* Greater Good Research Digests offer short summaries of recent studies on happiness, empathy, compassion, and more. Quick to read, easy to digest—we review the research so you don’t have to! Subscribe to the Research Digests RSS feed to receive future digests.
Does Heartbreak Really Hurt?
"Broken Hearts and Broken Bones: A Neural Perspective on the Similarities Between Social and Physical Pain"
Eisenberger, N. I. Current Directions in Psychological Science, Vol. 21 (41), February 2012, 42-47.
It seems that a broken heart might hurt like a broken bone. This study suggests that sensations of physical and social pain involve the same regions of the brain. UCLA psychology professor Naomi Eisenberger reviewed over 20 experiments that examined the brain circuitry of people undergoing physical pain or the pain of social rejection or loss. Taken together, the results offer strong evidence that the two different types of pain share the same neural components. Eisenberger offers an evolutionary explanation for why humans have developed these painful social mechanisms: They give us an incentive to maintain social bonds, which are necessary for survival. —Brylyn Stacy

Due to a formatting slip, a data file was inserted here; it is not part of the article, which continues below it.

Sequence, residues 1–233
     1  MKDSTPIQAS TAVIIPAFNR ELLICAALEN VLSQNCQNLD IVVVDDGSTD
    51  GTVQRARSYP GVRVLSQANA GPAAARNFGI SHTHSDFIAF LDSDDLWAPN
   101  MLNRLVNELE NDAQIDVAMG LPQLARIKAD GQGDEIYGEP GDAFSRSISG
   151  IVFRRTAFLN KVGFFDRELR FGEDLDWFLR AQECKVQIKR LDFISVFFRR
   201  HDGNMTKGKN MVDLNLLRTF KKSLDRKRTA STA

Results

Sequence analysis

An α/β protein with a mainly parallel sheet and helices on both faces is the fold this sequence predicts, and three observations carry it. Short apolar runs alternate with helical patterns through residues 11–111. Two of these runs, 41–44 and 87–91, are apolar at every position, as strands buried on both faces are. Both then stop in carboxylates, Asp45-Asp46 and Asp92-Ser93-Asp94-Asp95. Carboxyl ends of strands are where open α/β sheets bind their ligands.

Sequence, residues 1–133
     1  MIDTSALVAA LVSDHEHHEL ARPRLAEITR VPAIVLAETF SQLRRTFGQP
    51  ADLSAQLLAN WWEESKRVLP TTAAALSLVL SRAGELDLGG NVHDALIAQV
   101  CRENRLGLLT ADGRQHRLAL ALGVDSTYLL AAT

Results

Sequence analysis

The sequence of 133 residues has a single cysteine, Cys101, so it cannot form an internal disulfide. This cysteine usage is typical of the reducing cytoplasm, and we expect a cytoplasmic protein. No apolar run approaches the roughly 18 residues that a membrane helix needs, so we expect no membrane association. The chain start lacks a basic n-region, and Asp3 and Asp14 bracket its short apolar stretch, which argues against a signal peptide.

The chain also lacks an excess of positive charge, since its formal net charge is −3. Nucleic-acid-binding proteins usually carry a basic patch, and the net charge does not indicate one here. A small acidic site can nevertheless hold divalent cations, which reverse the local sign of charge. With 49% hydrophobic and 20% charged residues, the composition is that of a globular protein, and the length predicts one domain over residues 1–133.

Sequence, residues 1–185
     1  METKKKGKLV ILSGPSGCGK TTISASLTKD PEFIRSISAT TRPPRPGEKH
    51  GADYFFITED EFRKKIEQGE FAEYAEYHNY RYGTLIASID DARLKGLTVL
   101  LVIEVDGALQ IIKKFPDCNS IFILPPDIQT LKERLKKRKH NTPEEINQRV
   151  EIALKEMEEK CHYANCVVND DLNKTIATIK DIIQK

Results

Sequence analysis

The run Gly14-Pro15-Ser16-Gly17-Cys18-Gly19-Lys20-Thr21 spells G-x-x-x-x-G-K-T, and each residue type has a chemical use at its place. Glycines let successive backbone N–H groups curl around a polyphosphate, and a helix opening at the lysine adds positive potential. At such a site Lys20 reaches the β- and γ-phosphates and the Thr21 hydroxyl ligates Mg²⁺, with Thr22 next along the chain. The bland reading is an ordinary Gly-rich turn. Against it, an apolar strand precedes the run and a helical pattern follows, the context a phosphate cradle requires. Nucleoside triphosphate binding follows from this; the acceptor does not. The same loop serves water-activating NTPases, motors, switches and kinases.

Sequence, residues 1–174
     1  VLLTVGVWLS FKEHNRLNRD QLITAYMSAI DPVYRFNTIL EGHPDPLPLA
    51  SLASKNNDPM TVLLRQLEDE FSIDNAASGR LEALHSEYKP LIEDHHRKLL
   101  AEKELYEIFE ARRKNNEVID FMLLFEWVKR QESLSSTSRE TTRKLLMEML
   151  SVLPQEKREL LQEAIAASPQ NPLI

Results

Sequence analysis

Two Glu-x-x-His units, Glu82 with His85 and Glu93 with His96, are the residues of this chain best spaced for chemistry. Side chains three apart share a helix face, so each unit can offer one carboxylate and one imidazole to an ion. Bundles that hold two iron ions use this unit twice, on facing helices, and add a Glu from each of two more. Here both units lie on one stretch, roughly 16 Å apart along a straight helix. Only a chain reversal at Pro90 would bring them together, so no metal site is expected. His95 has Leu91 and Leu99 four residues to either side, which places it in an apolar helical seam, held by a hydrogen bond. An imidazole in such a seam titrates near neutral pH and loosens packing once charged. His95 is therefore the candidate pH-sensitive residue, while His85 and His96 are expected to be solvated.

Why Facebook Might Hurt People with Low Self-Esteem
"When Social Networking Is Not Working: Individuals with Low Self-Esteem Recognize but Do Not Reap the Benefits of Self-Disclosure on Facebook"
Forest, A.L. & Wood, J.V. Psychological Science, published online February 2012.
Facebook has been touted as a blessing for people who struggle to form face-to-face social connections, such as those who lack self-esteem and fear the judgments of others. There’s some logic to this: Facebook encourages people to reveal details about themselves, and research has found that this kind of “self-disclosure” is important to close, satisfying relationships.
But this study casts doubt on Facebook’s benefits for the self-conscious. The study found that while users with low self-esteem updated their status as much as other users, they tended to post more negative status updates than high-self esteem users. As a result, they received fewer “likes,” which might make them feel even worse about themselves. In other words, Facebook’s effects on low self-esteem users may be the very opposite of what they were seeking in the first place. There was a silver lining: The researchers found that friends “liked” low self-esteem users’ statuses more often when they were positive, perhaps encouraging them to focus more on the positive events in their lives. —Bernie Wong